3rd Army (Germany)

3rd Army (Germany)

The 3rd Army ( _de. 3. Armee Oberkommando) was a German field army that fought during World War I and World War II.

World War I

Upon the mobilization Max von Hausen was given command of the 3rd Army which mainly consisted of Saxons. The army participated in the battle of the Frontiers, mainly in the battles of Dinant and Charleroi and the army were responsible for the destruction of Reims in September 1914. After the Second Army's retreat after the First Battle of the Marne, Von Hausen saw his own flank exposed and ordered a retreat. Upon the stabilization of the front on the river Aisne, Von Hausen was relieved of his command and replaced by General Karl von Einem

Successfully repulsing the French Champagne-Marne offensive from February-March and September-November 1915 respectively, the army would take part in all three Battles of the Aisne and would hold Gen. Anthoine's 4th Army (under Gen. Philippe Petain's Center Army Group) during the Second Battle of the Aisne as part of the Nivelle Offensive from April 16-May 15, 1917.

Einem's right wing units would also participate in Gen. Erich Ludendorff's Champagne-Marne offensive on July 15-17, 1918 supporting the east flank of the German 1st Army. After suffering severe casualties in battle with Gen. John J. Pershing's Allied Expeditionary Force from September 26-November 11 in the Meuse-Argonne offensive, the army was forced to retreat northward shortly before the war's end.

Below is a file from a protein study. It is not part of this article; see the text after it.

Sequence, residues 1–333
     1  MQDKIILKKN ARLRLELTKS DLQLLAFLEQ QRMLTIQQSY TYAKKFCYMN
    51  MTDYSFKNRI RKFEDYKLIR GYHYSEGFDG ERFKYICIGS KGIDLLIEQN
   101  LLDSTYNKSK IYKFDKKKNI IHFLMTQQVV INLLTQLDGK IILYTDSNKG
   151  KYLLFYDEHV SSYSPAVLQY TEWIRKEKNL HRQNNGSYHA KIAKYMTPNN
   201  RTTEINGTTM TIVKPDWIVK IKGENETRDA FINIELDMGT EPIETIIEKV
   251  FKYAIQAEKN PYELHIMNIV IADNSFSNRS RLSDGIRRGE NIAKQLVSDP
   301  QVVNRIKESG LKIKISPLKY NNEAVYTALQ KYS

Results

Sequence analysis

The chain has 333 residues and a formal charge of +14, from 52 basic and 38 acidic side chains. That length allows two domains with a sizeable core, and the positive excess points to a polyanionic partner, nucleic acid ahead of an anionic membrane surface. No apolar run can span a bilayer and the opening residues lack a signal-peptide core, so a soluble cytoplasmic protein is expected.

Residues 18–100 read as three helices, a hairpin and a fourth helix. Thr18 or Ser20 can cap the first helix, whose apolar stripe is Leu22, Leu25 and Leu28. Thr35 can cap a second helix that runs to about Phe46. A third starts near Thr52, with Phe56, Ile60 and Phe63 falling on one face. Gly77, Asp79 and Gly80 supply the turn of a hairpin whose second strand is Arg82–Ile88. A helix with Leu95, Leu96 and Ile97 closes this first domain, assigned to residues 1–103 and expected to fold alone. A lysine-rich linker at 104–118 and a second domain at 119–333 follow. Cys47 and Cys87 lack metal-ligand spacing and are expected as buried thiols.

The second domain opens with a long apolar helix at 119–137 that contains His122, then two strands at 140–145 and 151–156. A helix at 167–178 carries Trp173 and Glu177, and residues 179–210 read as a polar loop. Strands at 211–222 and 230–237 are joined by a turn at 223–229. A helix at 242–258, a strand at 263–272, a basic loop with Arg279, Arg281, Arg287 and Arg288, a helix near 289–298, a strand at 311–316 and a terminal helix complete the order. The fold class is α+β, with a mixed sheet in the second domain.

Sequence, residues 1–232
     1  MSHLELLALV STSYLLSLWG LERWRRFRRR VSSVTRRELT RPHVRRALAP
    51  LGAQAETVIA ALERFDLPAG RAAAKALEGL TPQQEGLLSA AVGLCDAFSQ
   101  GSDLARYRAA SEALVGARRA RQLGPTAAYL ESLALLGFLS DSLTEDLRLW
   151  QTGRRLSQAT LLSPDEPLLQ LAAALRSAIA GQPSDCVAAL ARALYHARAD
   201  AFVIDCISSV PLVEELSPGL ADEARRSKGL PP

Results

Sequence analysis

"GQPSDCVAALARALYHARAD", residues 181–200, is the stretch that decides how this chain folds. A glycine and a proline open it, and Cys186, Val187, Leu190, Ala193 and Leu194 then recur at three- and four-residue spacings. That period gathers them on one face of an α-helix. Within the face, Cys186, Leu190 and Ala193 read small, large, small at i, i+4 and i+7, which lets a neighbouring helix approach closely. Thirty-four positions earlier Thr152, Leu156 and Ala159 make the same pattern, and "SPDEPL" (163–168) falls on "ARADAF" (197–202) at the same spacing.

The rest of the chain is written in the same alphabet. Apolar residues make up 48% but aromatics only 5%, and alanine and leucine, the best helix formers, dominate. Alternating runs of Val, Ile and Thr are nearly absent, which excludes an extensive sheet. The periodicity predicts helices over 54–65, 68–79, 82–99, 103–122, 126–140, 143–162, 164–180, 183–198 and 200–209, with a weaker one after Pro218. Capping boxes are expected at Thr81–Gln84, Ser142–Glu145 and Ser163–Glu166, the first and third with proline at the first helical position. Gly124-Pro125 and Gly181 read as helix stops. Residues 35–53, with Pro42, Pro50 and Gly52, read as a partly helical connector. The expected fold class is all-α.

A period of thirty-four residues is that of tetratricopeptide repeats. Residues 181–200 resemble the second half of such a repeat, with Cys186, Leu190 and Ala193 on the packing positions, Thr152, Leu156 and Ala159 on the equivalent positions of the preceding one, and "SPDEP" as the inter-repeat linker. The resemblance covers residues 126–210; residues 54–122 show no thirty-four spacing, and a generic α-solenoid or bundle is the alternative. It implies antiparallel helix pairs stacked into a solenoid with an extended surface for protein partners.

World War II

The 3rd Army was activated on September 1, 1939, the day German forces invaded Poland. It was put under the command of Colonel-General Georg von Küchler. Küchler later became commander of Army Group North in 1942 and also later became field marshal. At the start of the Polish Campaign the 3rd Army was part of Field Marshal Feodor von Bock's Army Group North, together with Field Marshal Günther von Kluge's 4th Army. The 4th Army was to capture the Polish Corridor and enter East Prussia, thus re-linking the two areas. The Third Army was to split into two and attack "from" East Prussia. One part of the 3rd Army was to advance southwards into Modlin, cross near the confluence of the Vistula and Bug rivers and take part in the attack on Warsaw. The other part of the 3rd Army was to attack near Narew, attack along the Bug River, and make a drive into Brest-Litovsk.

When the attack on Poland was launched, a part of the 3rd Army moved toward the Polish Corridor and met with Kluge's 4th Army. Both the 3rd and 4th Armies implemented their plans well, and the Polish Campaign ended in victorious triumph for the German Army. The Red Army had attacked Poland from the east with a million men and advanced westwards to meet with the German troops, despite casualties that numbered more than expected. In Brest-Litovsk, a joint German and Soviet victory parade was held.

On November 5, 1939, only about five weeks following the end of the Polish Campaign, the Third Army was disbanded. The Third Army became one of the first German armies of World War II to be disbanded. Immediately after the Third Army was disbanded Küchler became commander of the newly-formed 18th Army (German) and led it during the Western Campaign of 1940. He stayed in that position until 1942, when he became commander of Army Group North to lead the Siege on Leningrad. That year he became field marshal but was replaced in 1944 following the Soviet breakthrough against Army Group North.


* Field Marshal Georg von Küchler (September 1, 1939 - November 5 1939)


* Barnett, Correlli. "Hitler's Generals". New York: Grove Weidenfeld, 1989.
* .
* Wendel, Marcus. .

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